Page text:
Trees have been an essential part of my life and have provided me with many lessons. They have taught me that we must be patient, persistent, and committed. When we are planting trees, sometimes people will say to me, “I don’t want to plant a tree, because it will not grow fast enough.” I have to keep reminding them that the trees they are cutting today were not planted by them but by those who came before.

In Kenya, efforts are underway to halt the wanton destruction of the Mau Forests Complex and to restore the degraded sections of the forest. With the advice of the United Nations Environment Programme and its other partners, the Government of Kenya established a multi-stakeholder task force in 2008 to make recommendations on how to restore and conserve these forest ecosystems on which millions of Kenyans depend for sustenance.

I have not tired in my journey to fight for the conservation of our forests. I thus feel encouraged and motivated when people join in efforts to protect them. At the moment, several stakeholders and partners have signed agreements with the Kenya Forest Service to rehabilitate sections of the Mau Forests Complex and have committed to a joint responsibility for the overall management and rehabilitation of the Mau. The Green Belt Movement and its partner such as the Save the Mau Trust, and the Clinton Climate Initiative are having a combined target of planting six million trees by 2014.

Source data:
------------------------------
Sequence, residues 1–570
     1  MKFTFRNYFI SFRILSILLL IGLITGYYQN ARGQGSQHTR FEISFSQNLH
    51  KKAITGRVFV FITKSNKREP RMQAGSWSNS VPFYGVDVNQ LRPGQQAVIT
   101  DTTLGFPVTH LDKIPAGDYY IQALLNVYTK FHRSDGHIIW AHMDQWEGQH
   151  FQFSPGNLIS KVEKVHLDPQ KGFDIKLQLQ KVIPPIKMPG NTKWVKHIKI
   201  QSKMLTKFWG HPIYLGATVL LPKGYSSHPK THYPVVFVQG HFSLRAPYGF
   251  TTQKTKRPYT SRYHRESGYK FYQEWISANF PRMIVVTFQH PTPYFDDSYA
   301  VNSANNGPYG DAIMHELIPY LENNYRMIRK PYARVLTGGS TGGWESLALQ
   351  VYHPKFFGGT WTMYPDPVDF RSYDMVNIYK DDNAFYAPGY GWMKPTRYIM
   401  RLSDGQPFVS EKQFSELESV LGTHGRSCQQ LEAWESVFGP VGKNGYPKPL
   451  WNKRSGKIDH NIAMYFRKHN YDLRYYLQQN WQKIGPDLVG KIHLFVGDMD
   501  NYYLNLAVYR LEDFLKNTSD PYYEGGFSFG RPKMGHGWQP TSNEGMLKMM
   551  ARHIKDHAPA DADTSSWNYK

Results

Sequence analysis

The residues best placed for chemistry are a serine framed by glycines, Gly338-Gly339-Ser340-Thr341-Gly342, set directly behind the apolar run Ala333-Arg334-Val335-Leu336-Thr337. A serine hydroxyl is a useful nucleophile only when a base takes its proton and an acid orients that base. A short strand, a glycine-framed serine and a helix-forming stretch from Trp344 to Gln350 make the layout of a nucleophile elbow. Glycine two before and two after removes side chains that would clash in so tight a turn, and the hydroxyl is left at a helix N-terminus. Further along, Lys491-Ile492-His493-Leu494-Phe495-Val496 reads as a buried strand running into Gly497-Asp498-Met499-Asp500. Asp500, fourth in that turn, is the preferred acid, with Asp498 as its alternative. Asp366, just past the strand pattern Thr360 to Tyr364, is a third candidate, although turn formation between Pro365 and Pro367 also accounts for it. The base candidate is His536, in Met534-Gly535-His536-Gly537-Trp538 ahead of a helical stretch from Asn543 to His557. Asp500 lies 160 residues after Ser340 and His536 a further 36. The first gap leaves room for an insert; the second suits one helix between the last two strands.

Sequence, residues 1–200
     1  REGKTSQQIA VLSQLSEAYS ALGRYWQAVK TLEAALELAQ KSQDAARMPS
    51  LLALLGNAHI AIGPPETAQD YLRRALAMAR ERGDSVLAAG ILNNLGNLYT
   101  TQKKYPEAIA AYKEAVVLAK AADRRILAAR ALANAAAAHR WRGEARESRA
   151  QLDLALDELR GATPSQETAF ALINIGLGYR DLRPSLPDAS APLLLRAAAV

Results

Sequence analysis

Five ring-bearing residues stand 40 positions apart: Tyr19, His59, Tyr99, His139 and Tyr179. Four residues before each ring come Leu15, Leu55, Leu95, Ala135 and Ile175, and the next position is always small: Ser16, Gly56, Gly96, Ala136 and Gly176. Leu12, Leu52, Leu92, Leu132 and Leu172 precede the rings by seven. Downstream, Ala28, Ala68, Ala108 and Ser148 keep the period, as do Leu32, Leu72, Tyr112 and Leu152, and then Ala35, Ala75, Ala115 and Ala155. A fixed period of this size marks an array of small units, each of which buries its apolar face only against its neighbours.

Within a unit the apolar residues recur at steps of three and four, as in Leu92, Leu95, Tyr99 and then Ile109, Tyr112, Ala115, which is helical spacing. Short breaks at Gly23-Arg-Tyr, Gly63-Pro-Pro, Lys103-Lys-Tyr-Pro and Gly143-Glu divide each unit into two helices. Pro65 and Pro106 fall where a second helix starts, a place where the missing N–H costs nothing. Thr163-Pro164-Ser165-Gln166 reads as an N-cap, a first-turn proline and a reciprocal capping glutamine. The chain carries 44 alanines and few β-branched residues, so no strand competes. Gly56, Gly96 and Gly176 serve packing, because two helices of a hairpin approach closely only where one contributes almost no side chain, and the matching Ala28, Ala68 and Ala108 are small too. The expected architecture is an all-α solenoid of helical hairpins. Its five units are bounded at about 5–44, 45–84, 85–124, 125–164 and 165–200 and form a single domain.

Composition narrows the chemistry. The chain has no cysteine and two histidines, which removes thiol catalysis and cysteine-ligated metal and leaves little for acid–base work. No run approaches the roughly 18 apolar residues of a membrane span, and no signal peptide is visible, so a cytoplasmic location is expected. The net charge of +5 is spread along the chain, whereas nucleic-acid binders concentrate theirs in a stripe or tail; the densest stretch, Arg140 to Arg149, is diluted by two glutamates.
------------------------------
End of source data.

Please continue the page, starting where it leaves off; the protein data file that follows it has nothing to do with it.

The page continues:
We are dedicated in protecting the Mau Forests Complex because of its important ecological, economical and social services. It is the largest forested area in Kenya and at over 400,000 hectares is seven times the size of Kenya’s capital, Nairobi. It is also the largest “water tower” of Kenya feeding main rivers that flow to the west of the country providing water to six major lakes including Lake Nakuru and Naivasha in Kenya and Lake Victoria and Turkana which are trans-boundary.

Ecological services provided by its ecosystem sustain natural habitats including key conservation areas like the world famous Maasai Mara National Reserve, Serengeti in Tanzania and Lake Natron, an important breeding area for the Lesser Flamingo. Key economic sectors depend on the forests’ services including agriculture, tourism, water supply and the energy sector for hydropower generation.

Despite the vital lifeline services, the forest has during the past fifteen years lost a quarter of its original cover due to illegal resource extraction, plantations of exotic trees for timber, human encroachment, and conversion to settlement and farmlands.

Impacts from degradation of the forest have been severe; food and water shortages, power cuts from reduced water in dams, pressure on tourism and livelihoods in the region that depend on ecosystem. It should be noted that a small indigenous community, the Ogiek depend entirely on indigenous part of the forest for food, medicine and shelter.

Those of us who witness the degraded state of the environment cannot afford to be complacent. We must be driven to action. As we gear up for the International Year of Forests, I call upon policy makers and global citizen to take concerted actions towards restoring degraded forests and protecting standing forests – we owe it to the present and future generations of all species.

Wangari Maathai